There were some positives last year. He played essentially a perfect game during that Chicago game Lapham mentioned (oddly a game that followed the "worst wam-up session of the year" according to his brother Jordan). The new emphasis on getting outside the pocket served him well and the late game heroics (and winning record) were obviously great to see. That said, we were a run-first time last year and it was clearly hard for Carson to turn it on when we needed him too (plus the WRs other than Ocho didn't seem to be getting a lot of seperation). I don't think its a coincidence that he was so comfortable with the no-huddle in 05 and that his best moments last year came in the two minute drill. I think tempo matters with him - if he's forced to pull the trigger he's usually a little better. It would be nice for Bratkowski to incorporate some no huddle back into the offense (even if just to change the pace). I think the team has put him in position to bounce back (with the new personel), but his career is definitely at a cross-road to some degree and, even as a local fan, it's a bit of a mystery as to why. Sorry for the rant.
    1. Andy Freeland's Avatar
      Don't apologize for a rant, this site was built to rant.

      I agree with the accuracy. I only noticed it starting in '08 with the elbow injury, I know he had major footwork problems coming back from the '05 knee injury. He wouldn't keep his front foot on the ground when there was any pressure at all in front of him. Maybe he developed bad habits that never got corrected.

      He also pulled the ball down and ran too much at the end of the year. He had a big run early (vs Browns in OT, I think) and was really effective pulling it down in the middle of the season. But by the end of the year he was doing it too much. He had career-highs with 39 carries, 93 yards and 3 TDs, and a lot of those carries were unnecessary.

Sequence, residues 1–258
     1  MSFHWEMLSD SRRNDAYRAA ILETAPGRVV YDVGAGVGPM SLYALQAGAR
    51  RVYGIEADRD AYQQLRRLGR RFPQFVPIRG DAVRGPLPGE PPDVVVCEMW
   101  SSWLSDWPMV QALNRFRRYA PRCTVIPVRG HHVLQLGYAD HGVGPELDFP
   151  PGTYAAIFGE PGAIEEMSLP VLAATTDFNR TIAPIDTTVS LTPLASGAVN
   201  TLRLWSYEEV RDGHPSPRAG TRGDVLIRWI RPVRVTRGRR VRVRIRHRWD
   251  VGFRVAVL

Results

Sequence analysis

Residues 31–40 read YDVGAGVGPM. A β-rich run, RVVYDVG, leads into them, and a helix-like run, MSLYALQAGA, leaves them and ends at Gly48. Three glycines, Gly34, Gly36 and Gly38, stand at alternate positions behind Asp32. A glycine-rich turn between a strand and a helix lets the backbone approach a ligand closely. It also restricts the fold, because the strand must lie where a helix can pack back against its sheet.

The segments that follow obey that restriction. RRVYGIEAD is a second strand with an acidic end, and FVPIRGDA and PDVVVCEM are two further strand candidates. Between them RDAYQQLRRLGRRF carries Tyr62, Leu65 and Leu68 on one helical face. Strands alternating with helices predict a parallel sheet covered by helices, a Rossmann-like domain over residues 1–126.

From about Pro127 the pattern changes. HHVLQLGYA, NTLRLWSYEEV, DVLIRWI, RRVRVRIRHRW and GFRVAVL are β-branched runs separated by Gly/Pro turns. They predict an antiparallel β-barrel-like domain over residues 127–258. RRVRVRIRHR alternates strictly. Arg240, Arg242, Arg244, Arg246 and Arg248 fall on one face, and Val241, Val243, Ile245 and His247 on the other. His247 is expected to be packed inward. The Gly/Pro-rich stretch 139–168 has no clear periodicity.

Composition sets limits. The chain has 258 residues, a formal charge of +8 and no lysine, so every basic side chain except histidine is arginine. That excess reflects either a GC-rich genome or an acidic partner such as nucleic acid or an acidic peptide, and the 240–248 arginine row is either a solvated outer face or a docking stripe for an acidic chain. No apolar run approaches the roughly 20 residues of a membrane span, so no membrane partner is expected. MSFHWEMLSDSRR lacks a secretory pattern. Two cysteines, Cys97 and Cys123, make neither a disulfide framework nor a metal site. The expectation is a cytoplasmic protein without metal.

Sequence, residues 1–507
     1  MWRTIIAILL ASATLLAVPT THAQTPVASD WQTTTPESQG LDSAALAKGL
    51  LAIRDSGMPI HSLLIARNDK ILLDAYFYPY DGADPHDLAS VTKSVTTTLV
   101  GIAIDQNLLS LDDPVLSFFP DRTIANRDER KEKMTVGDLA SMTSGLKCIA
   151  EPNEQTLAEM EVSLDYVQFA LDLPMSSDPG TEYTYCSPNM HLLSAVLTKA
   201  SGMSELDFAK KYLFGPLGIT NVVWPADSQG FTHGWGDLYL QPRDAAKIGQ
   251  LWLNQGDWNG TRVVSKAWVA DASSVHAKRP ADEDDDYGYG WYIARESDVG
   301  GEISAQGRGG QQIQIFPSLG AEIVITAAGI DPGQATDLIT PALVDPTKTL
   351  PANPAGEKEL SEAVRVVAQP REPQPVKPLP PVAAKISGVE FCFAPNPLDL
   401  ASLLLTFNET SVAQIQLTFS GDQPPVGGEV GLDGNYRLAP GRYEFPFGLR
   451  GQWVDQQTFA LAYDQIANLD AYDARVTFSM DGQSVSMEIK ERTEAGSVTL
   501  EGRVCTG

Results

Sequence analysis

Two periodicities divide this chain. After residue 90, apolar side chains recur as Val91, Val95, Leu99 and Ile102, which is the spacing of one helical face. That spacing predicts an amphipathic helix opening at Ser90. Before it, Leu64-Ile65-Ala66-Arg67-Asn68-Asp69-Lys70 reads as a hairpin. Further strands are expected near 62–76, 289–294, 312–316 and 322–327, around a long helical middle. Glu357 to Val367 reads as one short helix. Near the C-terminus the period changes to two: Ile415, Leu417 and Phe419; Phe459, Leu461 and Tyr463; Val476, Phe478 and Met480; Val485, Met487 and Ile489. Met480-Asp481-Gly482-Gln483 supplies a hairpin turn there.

It was also obvious that he missed his security blanket Houshmandzadeh. Hopefully Gresham can fill some of that role.
    1. ScottDCP's Avatar

      I notice that your first line has nothing to do with real-game NFL performance. Also, it looks like you named a whole bunch of new receivers. Clearly, that group is taking the hit for performance.

      I think the truth lies somewhere in the middle - I think his throwing mechanics have changed - the ball flight is different now than it was five years ago, and not in a way that is consistently better - less oomph, more ehh. The running Andy mentioned, especially from a guy like that, indicates a lack of faith in SOMEbody. Either the line, the receivers, or both. And I think the biggest problem is the combined losses of Housh and Henry. Henry wasn't full time for a more than a year before his passing, and it hurt. Housh wasn't just a security blanket, he was a security blanket who got first downs.
    1. Wordsworth's Avatar
      Quote Originally Posted by Andy Freeland View Post
      It was also obvious that he missed his security blanket Houshmandzadeh. Hopefully Gresham can fill some of that role.
      or maybe Jordan Shipley? :-P
    1. BayouBoys's Avatar
      He is obviously missing Houshmandzadeh. I think this upcoming season the timing will be there with practice and he'll bounce back for sure. I just don't see them lying down this year.

      But I do agree with Cris, they did become complacent at the end. At least, I thought so.
    1. Bengals1181's Avatar
      I think Carson's biggest issue is trust. Physically I think he's fine.

      Think about it. In the last 3 seasons he's lost an All-Pro RT, a Pro Bowl caliber LT and a rock solid veteran center.

      His trust in his oline has obviously been shaken. I think it will build back up this year with Whit, Cook and Smith as lynchpins on the oline.

      I do think he misses Housh, but I also think he relied on Housh too much. 2009 forced him to spread the ball around more and trust more receivers, which is good for the offense as a whole. Now he just needs to build that trust with Gresham, Coffman, Shipley, Bryant and Caldwell and he'll be the Golden Boy again.